Lewis Carroll’s Alice said, “It would be so nice if something made sense for a change.” But when you fall into a rabbit hole that really shouldn’t be expected.
The University of Alabama’s President Judy Bonner is a member of the 2014 class of the Alabama Academy of Honor. According to Ed Enoch in The Tuscaloosa News, “The academy honors living Alabamians for accomplishments that benefit or reflect well upon the state. Bonner is being recognized for her career at UA, according to an announcement. Bonner is the first woman to lead the Capstone.”
Perhaps if she came up with a good response to a “Letter From A Concerned Mother To Judy Bonner,” Judy Bonner might be honorable for a change. But the Academy probably is more concerned with power than “honor.”
Of course when faculty members express the obvious their wording is often cloaked in the rarefied air of the academy. Another article by Ed Enoch “University of Alabama Faculty Senate receives reports on Greek diversity” reported on the the University of Alabama Faculty Senate’s “Task Force for Excellence in Equity, Inclusion and Citizenship.”
Enoch wrote, “In its report on diversity and inclusivity, the recommendations included a survey of the campus climate regarding diversity and existing programs and organizations; a unified message of UA’s commitment to diversity to new students during introductory activities; changes to the Capstone Creed and UA’s equal employment opportunity statement; creation of an executive position to oversee campus diversity and multicultural programs; construction of a center for diversity and inclusivity; and including coursework addressing multiculturalism and diversity in the core curriculum.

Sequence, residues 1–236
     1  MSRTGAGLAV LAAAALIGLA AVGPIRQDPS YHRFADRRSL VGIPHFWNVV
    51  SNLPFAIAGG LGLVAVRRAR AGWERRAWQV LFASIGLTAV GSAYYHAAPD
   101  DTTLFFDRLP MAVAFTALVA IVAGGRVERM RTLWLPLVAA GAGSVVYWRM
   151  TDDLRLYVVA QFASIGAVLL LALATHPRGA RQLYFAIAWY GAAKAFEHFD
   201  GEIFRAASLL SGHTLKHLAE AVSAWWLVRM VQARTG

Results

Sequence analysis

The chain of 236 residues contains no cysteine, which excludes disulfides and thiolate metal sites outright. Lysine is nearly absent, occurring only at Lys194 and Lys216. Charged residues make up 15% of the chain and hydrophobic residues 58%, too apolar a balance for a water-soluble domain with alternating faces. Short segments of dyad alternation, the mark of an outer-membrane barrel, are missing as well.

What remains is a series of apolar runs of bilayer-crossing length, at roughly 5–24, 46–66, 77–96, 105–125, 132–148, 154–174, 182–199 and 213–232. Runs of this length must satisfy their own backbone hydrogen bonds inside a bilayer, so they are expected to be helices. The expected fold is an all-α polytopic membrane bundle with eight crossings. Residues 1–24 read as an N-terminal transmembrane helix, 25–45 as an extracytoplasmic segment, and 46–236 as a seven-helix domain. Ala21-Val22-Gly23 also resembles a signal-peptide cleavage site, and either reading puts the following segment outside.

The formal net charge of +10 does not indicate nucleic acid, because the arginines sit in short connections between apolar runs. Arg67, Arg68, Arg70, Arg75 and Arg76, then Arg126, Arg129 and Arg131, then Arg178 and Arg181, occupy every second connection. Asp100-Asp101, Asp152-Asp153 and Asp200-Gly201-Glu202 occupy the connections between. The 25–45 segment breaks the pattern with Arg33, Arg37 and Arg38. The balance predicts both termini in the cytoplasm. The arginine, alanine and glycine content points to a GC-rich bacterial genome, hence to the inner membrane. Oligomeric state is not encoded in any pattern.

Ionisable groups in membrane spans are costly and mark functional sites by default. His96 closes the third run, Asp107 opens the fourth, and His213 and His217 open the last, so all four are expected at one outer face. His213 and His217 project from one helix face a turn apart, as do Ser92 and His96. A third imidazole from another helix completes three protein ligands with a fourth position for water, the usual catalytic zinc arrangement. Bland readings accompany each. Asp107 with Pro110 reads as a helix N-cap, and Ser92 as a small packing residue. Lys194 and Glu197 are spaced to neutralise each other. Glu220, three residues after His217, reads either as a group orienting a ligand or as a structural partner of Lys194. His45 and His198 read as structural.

“The core coursework recommendation prompted a debate among the senators about how it could be implemented, with some questioning whether there was enough space to add a course to the core, if existing courses could fill the role, and whether extracurricular activities or training could also accomplish the goal.
“The task force felt the recommendation could potentially have the broadest impact on the campus culture among students, task force member Norm Baldwin said.
“Senators also asked questions about whether there was support from the administration for a new executive position. Baldwin — while acknowledging historically lukewarm interest by the university in a diversity executive position — said he was not unhopeful.”
Then, if there is truly hope that Judy Bonner will lead the University administration to a new day of diversity, perhaps there is still time for her to earn her honor.
But some members of the Faculty Senate are concerned about the report. Enoch wrote, “Some senators raised questions about the fairness of singling out the fraternities and sororities among the student organizations for the targeted list of reforms. The traditionally white Greek organizations have had problems historically with diversity, Baldwin said.”
Well, that makes sense!